Ecuadorian official says country hit by 40 million cyberattacks following Assange's arrest

Ecuadorian official says country hit by 40 million cyberattacks following Assange's arrest
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Ecuador said this week that it has been hit by more than 40 million cyberattacks since last week's arrest of WikiLeaks founder Julian AssangeJulian Paul AssangeThe Hill's Morning Report - A raucous debate on race ends with Trump admonishment The peculiar priorities of Adam Schiff WaPo announces plans to increase investigative journalism staff MORE outside the country's embassy in London.

Ecuador's deputy minister for information and communication technologies told Agence France Presse (AFP) that the attacks primarily came from the U.S., several European countries, Brazil and Ecuador itself.

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Assange, who had been living in the Ecuadorian Embassy in London for years in self-imposed exile, was arrested last week after Ecuadorian officials allowed British police to enter the facility and arrest him.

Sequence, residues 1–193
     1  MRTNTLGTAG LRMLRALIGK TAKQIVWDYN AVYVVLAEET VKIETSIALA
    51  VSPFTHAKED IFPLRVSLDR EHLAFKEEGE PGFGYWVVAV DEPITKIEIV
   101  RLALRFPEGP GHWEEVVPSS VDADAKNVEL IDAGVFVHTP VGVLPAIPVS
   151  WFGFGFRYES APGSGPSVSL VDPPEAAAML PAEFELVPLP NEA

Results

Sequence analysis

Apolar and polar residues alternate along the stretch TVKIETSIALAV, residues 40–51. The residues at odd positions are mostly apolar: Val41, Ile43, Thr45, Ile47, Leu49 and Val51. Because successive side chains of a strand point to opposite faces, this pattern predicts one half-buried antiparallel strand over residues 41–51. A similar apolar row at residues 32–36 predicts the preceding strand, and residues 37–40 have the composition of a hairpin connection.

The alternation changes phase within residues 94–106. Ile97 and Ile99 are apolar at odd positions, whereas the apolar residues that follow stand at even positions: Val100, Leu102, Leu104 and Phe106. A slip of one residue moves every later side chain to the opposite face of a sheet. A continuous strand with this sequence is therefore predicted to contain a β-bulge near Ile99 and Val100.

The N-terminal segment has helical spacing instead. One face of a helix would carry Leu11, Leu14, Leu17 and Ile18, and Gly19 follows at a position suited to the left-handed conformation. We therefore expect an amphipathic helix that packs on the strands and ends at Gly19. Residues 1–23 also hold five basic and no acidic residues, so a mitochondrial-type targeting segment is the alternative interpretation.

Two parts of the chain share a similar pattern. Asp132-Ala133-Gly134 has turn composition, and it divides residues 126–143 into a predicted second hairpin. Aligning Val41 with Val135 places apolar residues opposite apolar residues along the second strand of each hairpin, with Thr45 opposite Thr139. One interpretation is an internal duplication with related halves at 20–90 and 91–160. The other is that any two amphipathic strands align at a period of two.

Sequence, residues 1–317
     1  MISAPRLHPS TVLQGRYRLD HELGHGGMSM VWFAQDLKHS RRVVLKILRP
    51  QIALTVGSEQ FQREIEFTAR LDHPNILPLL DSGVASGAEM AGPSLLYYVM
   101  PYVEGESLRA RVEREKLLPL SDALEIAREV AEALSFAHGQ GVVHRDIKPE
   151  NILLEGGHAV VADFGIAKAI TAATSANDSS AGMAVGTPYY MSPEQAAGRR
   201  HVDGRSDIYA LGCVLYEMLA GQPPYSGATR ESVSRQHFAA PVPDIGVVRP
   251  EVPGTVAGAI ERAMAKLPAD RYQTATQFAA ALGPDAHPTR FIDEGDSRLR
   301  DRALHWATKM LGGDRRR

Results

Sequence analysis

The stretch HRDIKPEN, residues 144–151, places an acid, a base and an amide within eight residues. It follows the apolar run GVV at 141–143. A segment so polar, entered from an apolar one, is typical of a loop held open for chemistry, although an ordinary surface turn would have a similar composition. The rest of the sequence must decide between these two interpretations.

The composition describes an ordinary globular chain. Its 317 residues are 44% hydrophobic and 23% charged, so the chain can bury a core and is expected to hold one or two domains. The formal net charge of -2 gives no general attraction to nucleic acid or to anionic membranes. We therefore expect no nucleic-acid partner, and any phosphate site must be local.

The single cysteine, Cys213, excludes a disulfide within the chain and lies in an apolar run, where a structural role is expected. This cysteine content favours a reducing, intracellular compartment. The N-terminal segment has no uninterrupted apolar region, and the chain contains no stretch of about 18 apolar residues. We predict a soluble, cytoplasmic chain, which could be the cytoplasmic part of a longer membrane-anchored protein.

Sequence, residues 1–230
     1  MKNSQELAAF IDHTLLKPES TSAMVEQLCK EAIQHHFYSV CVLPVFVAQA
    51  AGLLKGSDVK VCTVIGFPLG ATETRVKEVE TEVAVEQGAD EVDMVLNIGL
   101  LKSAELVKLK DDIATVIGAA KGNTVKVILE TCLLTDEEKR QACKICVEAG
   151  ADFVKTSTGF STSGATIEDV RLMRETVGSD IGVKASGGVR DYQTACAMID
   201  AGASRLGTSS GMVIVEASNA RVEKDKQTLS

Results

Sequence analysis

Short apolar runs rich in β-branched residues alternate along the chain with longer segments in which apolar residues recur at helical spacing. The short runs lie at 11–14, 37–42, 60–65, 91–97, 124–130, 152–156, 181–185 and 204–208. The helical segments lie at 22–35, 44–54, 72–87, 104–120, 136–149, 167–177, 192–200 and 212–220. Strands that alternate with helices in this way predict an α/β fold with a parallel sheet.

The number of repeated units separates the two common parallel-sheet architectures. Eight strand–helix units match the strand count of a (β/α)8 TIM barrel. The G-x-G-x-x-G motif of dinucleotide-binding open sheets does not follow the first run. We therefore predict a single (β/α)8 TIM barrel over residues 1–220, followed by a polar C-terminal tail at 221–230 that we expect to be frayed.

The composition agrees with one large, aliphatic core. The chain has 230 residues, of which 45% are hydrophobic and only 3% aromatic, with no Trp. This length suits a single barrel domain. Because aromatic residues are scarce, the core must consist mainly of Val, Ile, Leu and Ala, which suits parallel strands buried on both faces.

He is currently in the process of extradition and had previously been charged under seal.

The Justice Department revealed on Thursday that Assange faces one count of conspiring with former Army intelligence analyst Chelsea ManningChelsea Elizabeth ManningWaPo announces plans to increase investigative journalism staff US to question Assange friend jailed in Ecuador: report US extradition case for Assange set for next year MORE to “knowingly access a computer, without authorization and exceeding authorized access,” to obtain classified information that “could be used to the injury of the United States.”

The indictment alleges that Assange helped Manning crack a password stored on a Defense Department computer. The computer was connected to a U.S. government system and used to store confidential information.

Javier Jara, an official with Ecuador's telecommunications ministry, told AFP that the cyberattacks had come following "threats from those groups linked to Julian Assange."

Assange has denied any wrongdoing and has claimed that he acted like a journalist seeking to publish classified documents of public interest.